Lift Your Way to Health

Health, Home & Family
on August 27, 2000

Weight rooms are no longer the domain of power-lifting men. Today, about 39 million Americans lift weights a 62 percent increase since the 1970s, mostly women and older adults. Indeed, strength training is one of America’s favorite workouts. And with good reason. Strength training is as important to health as cardiovascular conditioning, according to the American College of Sports Medicine (ACSM). Stronger muscles can greatly reduce injury risk, while improving balance and endurance.

The average American loses 6.6 pounds of muscle every decade after young adulthood; by age 65 or 70 the body has doubled its fat and lost half its muscle mass. This means less support for jointssetting the stage for back, hip, and shoulder injuries. With less muscle to burn calories, metabolism also slows.

Another age-related risk is osteoporosis, a debilitating and sometimes fatal bone-thinning disease causing hunched backs. A 50-year-old woman

today has about a 50 percent chance of developing osteoporosis in her remaining years. By age 70, one-sixth of all men suffer a hip fracture due to this disease.

But weight-bearing exercises can help you reach the highest possible bone mass by age 40 and slow gradual loss. Building muscle after 40 can rejuvenate one’s whole physiology. In one study, 12 men between the ages of 60 and 72 were put on regular weight-training sessions three times a week for three months. At the end of the study, the men’s strength had increased dramatically. Their quadriceps (four different muscle groups in front of the thigh) had more than doubled in strength, and their hamstrings more than tripled.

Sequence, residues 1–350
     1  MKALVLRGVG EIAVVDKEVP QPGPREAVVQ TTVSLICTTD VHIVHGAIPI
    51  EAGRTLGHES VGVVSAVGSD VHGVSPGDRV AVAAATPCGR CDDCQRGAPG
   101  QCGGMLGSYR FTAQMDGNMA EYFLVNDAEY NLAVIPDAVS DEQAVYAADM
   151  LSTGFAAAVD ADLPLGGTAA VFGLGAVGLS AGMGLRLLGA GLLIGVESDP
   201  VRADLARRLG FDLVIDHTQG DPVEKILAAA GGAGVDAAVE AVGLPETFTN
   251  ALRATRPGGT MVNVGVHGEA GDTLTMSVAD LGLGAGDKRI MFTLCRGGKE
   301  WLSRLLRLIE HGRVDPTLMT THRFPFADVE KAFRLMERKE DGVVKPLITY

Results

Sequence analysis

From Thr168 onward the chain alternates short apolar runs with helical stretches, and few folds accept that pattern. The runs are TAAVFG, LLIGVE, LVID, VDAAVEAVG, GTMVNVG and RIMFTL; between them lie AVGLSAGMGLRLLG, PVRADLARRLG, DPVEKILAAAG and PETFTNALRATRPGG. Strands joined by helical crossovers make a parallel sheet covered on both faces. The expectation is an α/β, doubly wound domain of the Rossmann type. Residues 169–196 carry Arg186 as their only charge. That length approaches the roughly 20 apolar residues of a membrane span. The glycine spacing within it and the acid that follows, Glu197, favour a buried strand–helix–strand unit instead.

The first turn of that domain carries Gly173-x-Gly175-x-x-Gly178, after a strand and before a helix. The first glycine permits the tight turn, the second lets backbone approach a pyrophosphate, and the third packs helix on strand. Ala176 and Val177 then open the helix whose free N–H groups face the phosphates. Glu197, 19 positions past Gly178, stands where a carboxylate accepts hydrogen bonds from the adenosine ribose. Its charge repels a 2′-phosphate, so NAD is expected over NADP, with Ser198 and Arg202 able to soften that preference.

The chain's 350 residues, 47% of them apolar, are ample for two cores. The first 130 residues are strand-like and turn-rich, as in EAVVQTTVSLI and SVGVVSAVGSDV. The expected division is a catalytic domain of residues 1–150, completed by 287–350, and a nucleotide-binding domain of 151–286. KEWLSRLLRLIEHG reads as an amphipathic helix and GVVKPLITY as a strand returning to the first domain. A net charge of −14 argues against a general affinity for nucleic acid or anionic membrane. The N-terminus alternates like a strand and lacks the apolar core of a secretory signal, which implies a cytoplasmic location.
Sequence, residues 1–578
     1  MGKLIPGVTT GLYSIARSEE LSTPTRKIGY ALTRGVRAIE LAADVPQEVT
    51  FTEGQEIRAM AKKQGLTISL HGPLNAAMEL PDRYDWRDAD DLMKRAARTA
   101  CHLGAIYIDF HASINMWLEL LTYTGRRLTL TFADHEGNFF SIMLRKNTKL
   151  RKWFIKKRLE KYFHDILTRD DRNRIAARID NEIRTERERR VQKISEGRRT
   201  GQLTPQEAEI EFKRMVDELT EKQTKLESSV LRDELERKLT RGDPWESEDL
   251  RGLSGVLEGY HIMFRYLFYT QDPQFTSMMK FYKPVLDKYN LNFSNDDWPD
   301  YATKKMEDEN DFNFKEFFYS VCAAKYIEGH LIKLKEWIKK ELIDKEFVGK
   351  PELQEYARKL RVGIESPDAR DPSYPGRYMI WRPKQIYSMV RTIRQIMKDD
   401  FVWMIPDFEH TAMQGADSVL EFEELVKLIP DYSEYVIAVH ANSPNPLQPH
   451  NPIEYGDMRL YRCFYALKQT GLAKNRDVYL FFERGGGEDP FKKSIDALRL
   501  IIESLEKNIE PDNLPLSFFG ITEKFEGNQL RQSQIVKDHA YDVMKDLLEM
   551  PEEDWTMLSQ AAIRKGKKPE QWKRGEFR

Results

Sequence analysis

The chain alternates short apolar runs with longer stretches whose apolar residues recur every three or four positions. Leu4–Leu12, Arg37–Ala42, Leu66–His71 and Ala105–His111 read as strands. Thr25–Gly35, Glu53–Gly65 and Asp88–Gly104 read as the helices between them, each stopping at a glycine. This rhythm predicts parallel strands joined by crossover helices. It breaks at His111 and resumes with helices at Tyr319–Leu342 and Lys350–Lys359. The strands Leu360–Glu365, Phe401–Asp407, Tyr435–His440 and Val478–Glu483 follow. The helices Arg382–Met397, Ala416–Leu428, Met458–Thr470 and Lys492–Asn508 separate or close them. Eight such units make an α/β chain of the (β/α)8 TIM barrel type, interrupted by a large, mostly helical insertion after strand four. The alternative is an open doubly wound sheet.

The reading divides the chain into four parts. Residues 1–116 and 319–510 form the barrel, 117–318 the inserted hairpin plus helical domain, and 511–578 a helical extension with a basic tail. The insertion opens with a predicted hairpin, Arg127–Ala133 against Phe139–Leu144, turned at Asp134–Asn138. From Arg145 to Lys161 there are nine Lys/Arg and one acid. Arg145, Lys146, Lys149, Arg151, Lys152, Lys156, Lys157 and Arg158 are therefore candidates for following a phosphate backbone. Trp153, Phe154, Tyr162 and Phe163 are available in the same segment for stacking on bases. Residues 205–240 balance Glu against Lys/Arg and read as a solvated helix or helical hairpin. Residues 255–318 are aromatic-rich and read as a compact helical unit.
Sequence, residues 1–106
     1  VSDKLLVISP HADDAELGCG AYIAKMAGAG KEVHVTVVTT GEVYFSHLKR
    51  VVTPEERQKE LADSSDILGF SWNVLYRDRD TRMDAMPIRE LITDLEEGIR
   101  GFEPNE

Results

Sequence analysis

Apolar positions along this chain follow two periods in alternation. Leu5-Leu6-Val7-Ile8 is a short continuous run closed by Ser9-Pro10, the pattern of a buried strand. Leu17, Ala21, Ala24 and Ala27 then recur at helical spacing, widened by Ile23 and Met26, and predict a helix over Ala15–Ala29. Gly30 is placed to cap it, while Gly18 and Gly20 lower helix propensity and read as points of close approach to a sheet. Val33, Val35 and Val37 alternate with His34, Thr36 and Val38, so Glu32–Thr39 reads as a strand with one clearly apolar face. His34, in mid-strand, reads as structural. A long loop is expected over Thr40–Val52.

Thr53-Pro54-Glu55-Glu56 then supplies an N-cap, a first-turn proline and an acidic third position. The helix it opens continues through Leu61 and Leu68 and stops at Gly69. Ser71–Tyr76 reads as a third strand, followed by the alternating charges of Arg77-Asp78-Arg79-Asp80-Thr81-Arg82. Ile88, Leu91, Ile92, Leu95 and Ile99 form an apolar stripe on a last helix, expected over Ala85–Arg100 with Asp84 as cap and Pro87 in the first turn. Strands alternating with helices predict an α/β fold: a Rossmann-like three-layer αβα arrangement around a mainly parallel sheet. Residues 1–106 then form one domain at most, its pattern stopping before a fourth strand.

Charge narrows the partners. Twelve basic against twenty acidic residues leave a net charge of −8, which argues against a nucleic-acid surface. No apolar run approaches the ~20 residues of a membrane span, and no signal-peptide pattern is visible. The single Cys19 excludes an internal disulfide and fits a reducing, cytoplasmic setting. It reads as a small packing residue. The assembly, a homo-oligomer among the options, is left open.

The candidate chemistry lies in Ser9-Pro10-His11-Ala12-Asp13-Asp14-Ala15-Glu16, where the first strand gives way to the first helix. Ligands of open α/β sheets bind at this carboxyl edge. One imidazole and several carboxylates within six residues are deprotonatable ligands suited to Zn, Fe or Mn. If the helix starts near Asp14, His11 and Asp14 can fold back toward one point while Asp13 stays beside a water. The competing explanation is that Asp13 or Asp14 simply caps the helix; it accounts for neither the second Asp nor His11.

Don’t be concerned about bulking up: ACSM’s guidelines for healthy strength conditioning include one set of 8-10 exercises (for each major muscle group), 8-12 repetitions for each exercise, at least twice a week. This rebuilds muscle fiber, increases strength and improves the shape and tone of the muscles, without bulking up.

The weight must be heavy enough to fatigue the muscle after 8 to12 repetitions. If it doesn’t, it’s too light. And if you can’t maintain good form for at least eight repetitions, the weight is too heavy.

If you’ve never lifted weights, make an appointment with a personal trainer or fitness professional at a local YMCA or fitness center. It’s vital to learn proper form to prevent injury and get the most benefit from the exercise.

If you have health concerns, get approval from your doctor before beginning an exercise program.